0

Growing wheat, rice and other cereals is very labor-intensive. Wheat has very small edible mass compared to the other tissues. Wheat is very weather-dependent.

Why were other cultures not used instead?

For instance, dandelions are abundant everywhere, do not require any labor, grow well in all weather and all their parts are edible.

enter image description here

closed as off-topic by Samuel Russell, Pieter Geerkens, CGCampbell, Mark C. Wallace, andy256 May 21 '15 at 0:56

  • This question does not appear to be about history within the scope defined in the help center.
If this question can be reworded to fit the rules in the help center, please edit the question.

  • Interesting....+1 – Kentaro Tomono May 20 '15 at 16:14
  • 1
    Ever tried to eat dandilions? They're really only edible in the spring, before they flower (dandilion greens), otherwise they're very bitter. – jamesqf May 20 '15 at 19:05
  • 3
    I'm voting to close this question as off-topic because the question is both too broad and primarily opinion based. It asks for a hypothetical speculative comparison stripped of any historical content. – Samuel Russell May 20 '15 at 21:49
  • 3
    If this is not the historical question, then I must say this history site will be full of crackpots who are only concerned with too specific issues. History of major diet, why not??? – Kentaro Tomono May 21 '15 at 8:46
  • 1
    Only what the questioners should have asked is not the comparison with dandelion, but rather with rice, potatoes, corns etc. – Kentaro Tomono May 21 '15 at 8:49
6

About the particular example: Wheat and other grains have high nutrition value and dandelions not. You need to eat several kilo of dandelion to cover your basic calorie needs. 40Cal/100g, that is 400Cal /kg. You need to eat 5 kg if you are an office worker sitting all the day. But most probably you would be pretty sick in the first day if you can finish that, and you wouldn't be able to digest even that amount of calory due to the enormous amount of fiber it has in it.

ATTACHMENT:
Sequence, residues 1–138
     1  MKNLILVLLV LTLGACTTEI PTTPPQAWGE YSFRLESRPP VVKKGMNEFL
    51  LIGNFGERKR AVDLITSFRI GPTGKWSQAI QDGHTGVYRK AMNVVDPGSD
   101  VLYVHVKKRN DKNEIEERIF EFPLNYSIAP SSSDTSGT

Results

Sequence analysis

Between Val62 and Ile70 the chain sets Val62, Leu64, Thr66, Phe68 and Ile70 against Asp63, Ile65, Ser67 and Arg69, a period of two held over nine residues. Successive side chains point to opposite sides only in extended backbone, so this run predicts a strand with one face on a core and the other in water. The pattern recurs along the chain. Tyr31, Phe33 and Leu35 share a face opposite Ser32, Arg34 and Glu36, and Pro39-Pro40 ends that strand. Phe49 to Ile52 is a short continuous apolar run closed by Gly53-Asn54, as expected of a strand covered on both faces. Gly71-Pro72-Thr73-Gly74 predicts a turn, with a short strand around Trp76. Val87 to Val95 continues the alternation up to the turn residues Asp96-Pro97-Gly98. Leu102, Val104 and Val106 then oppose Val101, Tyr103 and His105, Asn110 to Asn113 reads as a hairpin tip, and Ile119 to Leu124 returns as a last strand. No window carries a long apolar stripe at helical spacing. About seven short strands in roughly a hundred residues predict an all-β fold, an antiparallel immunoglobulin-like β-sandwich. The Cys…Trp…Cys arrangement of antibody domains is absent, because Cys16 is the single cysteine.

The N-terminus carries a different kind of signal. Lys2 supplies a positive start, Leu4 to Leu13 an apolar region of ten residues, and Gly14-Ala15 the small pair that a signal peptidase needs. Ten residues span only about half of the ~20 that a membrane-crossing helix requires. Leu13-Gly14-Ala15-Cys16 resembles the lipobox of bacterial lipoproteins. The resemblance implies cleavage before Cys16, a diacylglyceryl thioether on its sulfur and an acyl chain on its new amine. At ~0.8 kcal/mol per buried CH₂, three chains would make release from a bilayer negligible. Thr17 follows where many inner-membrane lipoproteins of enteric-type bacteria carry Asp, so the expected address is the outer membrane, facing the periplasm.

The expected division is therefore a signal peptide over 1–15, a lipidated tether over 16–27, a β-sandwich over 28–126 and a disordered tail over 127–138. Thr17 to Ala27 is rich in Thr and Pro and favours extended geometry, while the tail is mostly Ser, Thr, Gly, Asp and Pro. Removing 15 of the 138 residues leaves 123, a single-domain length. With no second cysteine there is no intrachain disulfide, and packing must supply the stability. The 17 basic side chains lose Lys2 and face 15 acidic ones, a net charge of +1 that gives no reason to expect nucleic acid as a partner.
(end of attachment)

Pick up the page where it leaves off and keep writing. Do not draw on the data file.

Also, dandelion do not grow everywhere, hard to collect, even harder to store. Most leafy veggies are originally poisonous, and needed domestication + cooking to make them edible. Wheat, corn etc are practically grass. Saying that dandelion is more common than grass is kind of arguable.

All agricultural society based on domestication of grains and starchy roots/vegetables. Corn, potato, rice, wheat, malt etc. For the simple reason people needed calorie and protein. Dandelion has neither. Those people were not looking for loosing weight fast or something healthy and hipster to eat with their pizza. They were looking for survival.

  • Have you counted raw dandelions or dried up and have you taken into account its roots? – Anixx May 20 '15 at 8:44
  • All nutrition data is on raw dandelion leaf. I couldn't find data on root with Google. Please, include some link if you find anything. – Greg May 20 '15 at 8:53
  • Dandelion root appears to be about 3.4 Kcal/gram – Conrad Turner May 20 '15 at 14:15
  • @ConradTurner Any reference? – Greg May 21 '15 at 8:39
  • 1
    According to USDA Handbook #8, and every decent source on vegetarian nutrition, the primary virtue of grains is that they contain high amounts of protein, though not complete protein. Dandelions contain none, and I personally question whether a human digestion system can get anywhere near the test-tube nutrition listed. Our relatively short intestines are not well-built for getting everything out of coarse greenery, unlike a gorilla intestine. – Zither13 May 25 '15 at 13:51

Not the answer you're looking for? Browse other questions tagged or ask your own question.